Has a book ever freaked you out? - Page 2

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Thread: Has a book ever freaked you out?

  1. #11
    I can't say anything ever freaked me out, but I'm not interested in horror or serial killer type thrillers, so that cuts down on the prospect. A friend who was in love with Dean Koontz's books raved about Watchers and I read it. I enjoyed the enhanced golden retriever, but I regarded the predations of the "monster sibling" and the "disturbed serial killer hitman" as gratuitous.

    Probably the "scariest" books I've read were a series in the early 80s by Barbara Hambly. I think it was later labeled Darwath.

  2. #12
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    [Resists great urge to defend the great Nabokov]

    Old now, entering an era where I repeat anecdotal experience. 'Freaked out' nomination remains as 'I Was Mengele's Assistant.' Sense of shame, a voyeuristic kind of shame about reading the terrible memoir like a naughty boy seeking out decapitation videos.

    In the genre of fictional horror I nominate The Haunting of Hill House only because the book jumped from the shelf to the floor and remains unexplained. I was on night shift duty inside the haunted house and the incident means I completed the novel in daylight only.
    Last edited by Matchu; March 1st, 2021 at 06:10 PM. Reason: I forgot to insert ‘reading.’

  3. #13
    Quote Originally Posted by Matchu View Post
    [Resists great urge to defend the great Nabokov]
    Oh yes...

    Most people who criticize Nabokov have either never read his book or have read it in such total bad faith, with such a strong preformed opinion, that there was no point in them reading it.

    It's outrage culture, pure and simple. Those who act like it's some kind of 'evil' book are either absurdly puritanical or, far more likely, are simply wanting to moralize because it's low hanging fruit. Either way, it's a symptom of gross stupidity.

    No, you don't have to agree it's a great book. No, you don't have to be privately comfortable with the premise. You don't have to read it. However, to treat it as being some kind of apologia for pedophilia is absolute bullshit. If anything, the book is a parable against child abuse: The protagonist's unhealthy obsession leads to his ruin. It doesn't get more anti-pedophilia than that.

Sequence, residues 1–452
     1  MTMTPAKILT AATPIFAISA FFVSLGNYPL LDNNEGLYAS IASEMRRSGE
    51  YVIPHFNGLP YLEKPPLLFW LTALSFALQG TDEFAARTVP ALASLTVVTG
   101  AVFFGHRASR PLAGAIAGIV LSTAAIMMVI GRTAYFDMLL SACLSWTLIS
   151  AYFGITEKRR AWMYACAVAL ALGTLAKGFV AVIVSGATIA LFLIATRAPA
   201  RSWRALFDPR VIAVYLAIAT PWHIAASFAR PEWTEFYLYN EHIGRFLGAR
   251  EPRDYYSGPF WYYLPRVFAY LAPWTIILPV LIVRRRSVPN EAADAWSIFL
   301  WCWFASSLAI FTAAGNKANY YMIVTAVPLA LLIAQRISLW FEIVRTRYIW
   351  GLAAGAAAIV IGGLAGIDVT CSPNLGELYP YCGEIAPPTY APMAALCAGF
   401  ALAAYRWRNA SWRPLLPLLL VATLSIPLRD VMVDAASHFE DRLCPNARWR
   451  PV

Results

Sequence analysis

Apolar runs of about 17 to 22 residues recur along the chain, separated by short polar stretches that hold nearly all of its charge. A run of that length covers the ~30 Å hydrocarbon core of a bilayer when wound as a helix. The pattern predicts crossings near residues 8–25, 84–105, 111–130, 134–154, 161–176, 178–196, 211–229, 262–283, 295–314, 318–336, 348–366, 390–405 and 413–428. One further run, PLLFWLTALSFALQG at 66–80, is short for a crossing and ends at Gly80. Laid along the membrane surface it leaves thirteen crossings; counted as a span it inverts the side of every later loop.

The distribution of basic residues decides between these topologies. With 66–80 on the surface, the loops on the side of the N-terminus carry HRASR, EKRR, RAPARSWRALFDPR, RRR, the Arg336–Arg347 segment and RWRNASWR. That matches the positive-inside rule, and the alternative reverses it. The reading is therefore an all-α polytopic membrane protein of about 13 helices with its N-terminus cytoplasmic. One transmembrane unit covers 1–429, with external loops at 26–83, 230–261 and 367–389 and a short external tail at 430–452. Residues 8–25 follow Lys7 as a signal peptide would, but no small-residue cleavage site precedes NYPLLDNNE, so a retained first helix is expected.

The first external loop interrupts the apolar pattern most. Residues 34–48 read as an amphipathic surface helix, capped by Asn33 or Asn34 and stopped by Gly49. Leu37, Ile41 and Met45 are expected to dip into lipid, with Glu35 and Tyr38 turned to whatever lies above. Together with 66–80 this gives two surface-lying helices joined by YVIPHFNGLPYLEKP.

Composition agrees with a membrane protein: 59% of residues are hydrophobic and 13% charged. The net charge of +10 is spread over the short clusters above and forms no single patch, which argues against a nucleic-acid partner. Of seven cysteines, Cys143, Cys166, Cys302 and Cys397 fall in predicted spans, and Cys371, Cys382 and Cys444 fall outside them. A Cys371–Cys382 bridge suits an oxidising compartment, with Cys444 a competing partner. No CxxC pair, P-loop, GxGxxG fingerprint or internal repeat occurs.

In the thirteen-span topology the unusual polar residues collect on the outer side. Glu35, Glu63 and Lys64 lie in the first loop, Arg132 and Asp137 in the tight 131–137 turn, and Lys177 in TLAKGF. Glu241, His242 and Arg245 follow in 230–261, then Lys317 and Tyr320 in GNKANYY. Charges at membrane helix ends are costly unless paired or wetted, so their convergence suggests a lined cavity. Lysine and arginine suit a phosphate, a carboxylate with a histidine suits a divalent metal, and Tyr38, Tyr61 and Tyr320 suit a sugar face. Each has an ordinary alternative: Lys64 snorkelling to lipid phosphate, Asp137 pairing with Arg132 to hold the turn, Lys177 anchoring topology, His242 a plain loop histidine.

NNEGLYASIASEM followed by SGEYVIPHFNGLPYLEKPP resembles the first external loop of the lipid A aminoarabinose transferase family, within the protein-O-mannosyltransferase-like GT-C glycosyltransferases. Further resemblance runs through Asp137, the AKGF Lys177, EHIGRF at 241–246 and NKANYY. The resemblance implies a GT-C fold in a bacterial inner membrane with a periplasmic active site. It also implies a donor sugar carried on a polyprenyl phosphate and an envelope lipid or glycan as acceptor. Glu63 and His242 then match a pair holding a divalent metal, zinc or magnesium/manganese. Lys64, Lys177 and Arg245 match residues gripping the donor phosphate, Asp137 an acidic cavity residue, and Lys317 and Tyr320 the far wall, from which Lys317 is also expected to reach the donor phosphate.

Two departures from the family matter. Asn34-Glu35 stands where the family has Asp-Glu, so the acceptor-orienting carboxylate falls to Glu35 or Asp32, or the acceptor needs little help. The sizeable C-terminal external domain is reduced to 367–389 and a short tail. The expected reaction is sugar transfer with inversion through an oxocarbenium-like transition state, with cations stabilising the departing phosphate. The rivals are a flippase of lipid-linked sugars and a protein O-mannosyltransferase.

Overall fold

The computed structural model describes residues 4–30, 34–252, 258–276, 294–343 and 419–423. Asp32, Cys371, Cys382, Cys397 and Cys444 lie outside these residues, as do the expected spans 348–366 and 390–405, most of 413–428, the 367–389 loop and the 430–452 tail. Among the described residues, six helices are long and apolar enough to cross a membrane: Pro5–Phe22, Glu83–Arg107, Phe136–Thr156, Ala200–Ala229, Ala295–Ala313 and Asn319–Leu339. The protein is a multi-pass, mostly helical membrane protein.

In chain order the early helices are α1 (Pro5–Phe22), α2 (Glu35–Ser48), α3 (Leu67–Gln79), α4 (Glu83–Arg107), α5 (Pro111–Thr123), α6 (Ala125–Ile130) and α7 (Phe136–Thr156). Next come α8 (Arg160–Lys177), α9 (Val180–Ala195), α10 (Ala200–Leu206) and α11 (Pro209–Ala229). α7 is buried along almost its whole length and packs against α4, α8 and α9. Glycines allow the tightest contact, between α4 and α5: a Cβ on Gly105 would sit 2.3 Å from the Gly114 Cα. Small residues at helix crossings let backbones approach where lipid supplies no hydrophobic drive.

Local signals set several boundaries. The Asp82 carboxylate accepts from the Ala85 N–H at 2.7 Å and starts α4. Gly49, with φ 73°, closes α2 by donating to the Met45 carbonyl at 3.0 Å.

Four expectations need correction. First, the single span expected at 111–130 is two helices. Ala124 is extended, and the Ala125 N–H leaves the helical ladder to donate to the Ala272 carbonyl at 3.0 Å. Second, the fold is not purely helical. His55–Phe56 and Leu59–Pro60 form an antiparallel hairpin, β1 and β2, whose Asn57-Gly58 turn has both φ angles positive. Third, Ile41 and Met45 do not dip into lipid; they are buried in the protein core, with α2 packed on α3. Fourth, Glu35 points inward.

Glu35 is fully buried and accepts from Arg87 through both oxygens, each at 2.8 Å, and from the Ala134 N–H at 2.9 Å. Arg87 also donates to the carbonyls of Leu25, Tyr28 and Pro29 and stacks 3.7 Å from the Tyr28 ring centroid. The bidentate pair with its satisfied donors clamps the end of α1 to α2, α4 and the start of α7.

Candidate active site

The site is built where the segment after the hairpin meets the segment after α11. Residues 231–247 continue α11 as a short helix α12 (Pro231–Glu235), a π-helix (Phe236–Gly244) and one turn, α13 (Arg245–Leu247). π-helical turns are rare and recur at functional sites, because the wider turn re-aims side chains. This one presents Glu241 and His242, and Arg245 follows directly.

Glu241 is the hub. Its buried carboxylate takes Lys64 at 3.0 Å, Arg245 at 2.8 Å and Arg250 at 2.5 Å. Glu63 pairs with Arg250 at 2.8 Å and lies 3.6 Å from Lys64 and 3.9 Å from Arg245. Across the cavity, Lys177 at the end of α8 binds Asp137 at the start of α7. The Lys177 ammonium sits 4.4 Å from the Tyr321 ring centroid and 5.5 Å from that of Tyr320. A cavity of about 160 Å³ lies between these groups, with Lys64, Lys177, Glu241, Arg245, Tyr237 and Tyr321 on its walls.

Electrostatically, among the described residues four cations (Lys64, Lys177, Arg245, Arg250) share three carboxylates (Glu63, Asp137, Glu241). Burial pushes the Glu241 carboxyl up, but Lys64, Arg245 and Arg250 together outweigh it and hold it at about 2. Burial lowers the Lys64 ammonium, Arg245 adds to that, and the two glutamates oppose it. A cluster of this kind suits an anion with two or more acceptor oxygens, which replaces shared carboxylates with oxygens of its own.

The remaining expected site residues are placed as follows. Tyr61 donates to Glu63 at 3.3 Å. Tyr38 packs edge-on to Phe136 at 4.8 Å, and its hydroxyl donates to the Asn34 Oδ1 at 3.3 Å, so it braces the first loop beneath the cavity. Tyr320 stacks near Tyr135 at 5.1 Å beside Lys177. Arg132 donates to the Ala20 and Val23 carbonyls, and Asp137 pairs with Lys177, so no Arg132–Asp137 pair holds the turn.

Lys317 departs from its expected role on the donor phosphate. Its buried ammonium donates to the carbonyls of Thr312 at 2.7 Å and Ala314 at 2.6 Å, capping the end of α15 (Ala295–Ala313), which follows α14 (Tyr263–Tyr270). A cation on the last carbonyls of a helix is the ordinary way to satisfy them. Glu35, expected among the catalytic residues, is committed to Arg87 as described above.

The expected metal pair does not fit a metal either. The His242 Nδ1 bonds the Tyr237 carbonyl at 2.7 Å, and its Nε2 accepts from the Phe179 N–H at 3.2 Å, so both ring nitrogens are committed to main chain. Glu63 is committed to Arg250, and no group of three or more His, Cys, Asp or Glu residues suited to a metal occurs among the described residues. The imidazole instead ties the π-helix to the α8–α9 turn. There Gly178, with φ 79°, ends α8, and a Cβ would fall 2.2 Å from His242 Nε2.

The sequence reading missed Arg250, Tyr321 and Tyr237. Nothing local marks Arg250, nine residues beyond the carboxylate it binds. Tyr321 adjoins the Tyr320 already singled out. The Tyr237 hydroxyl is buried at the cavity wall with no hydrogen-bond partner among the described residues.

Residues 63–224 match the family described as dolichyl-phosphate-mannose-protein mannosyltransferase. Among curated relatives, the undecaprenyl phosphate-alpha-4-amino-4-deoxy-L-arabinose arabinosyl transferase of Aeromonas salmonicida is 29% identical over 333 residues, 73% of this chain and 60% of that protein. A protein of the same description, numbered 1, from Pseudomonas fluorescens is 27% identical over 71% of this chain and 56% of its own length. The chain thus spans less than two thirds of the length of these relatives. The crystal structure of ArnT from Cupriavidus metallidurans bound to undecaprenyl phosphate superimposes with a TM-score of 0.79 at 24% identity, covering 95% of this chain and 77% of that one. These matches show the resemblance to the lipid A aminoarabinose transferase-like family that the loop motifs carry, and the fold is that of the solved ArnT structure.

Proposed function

Again, people who claim otherwise have either not read the book or are too stupid/arrogant to give it a fair trial and, thus, forfeit their right to being listened to on the subject of literature. Good books often make one uncomfortable, in the case of Lolita that intent is obvious.
    Last edited by velo; March 1st, 2021 at 10:09 PM.
    Deactivated due to staff trolling. Bye!

  4. #14
    When I was 16 or 17, I started reading a compilation of short horror stories. I was okay with the stories until I reached one with a detailed description of someone being tortured by having their eyes poked out while tied up. I never finished the story.

  5. #15
    Truman Capote's (true story) In Cold Blood. I didn't stop reading it but it was so scary I was uneasy for weeks. People do terrible things to each other. They always have and I guess they always will.
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  6. #16

  7. #17
    Quote Originally Posted by indianroads View Post
    A lot of H.P. Lovecraft's stuff freaks me out.

  8. #18
    In Cold Blood, A Voyage to Arcturus - straight onto the TBR..

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  9. #19
    Freaked out? No. But some books have had unsettling effects which lingered beyond 'the end'. After reading Fail Safe I dreamed of nuclear mushroom clouds appearing on the horizon. After finishing King's, 'Salem's Lot at about 2:30 AM I started up to bed and had a start when our basset hound was sitting in perfect silhouette against the hall nightlight at the top of the stairs. But probably the most disturbing was, When Rabbit Howls, a non-fiction book about a woman's struggle with dissociative personality disorder and the abuse which caused it.
    “Fools” said I, “You do not know
    Silence like a cancer grows
    Hear my words that I might teach you
    Take my arms that I might reach you”
    But my words like silent raindrops fell
    And echoed in the wells of silence : Simon & Garfunkel

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  10. #20
    Quote Originally Posted by bdcharles View Post
    Have you ever had to put a book down because it freaked you out/upset you/unsettled you in some way?
    What book, what was it that caused you to put it down, and did you go back to it?
    Without going into too much detail (mainly because some of the subject matter still bothers me to this day), I read 'Rainbow Six' by Tom
    Clancy many years ago (it was a huge novel). I was so disturbed by some of the plot elements (as well as the way some fringe characters
    were perishing), that I put the book down and had to wait several weeks to finish it.

    As good as read it was, I swore to never read it a second time. This has been the only book to do that to me, and I've read a great deal
    of his work, and none have every disturbed me the way that one did.

    I just shuddered right now thinking about it.

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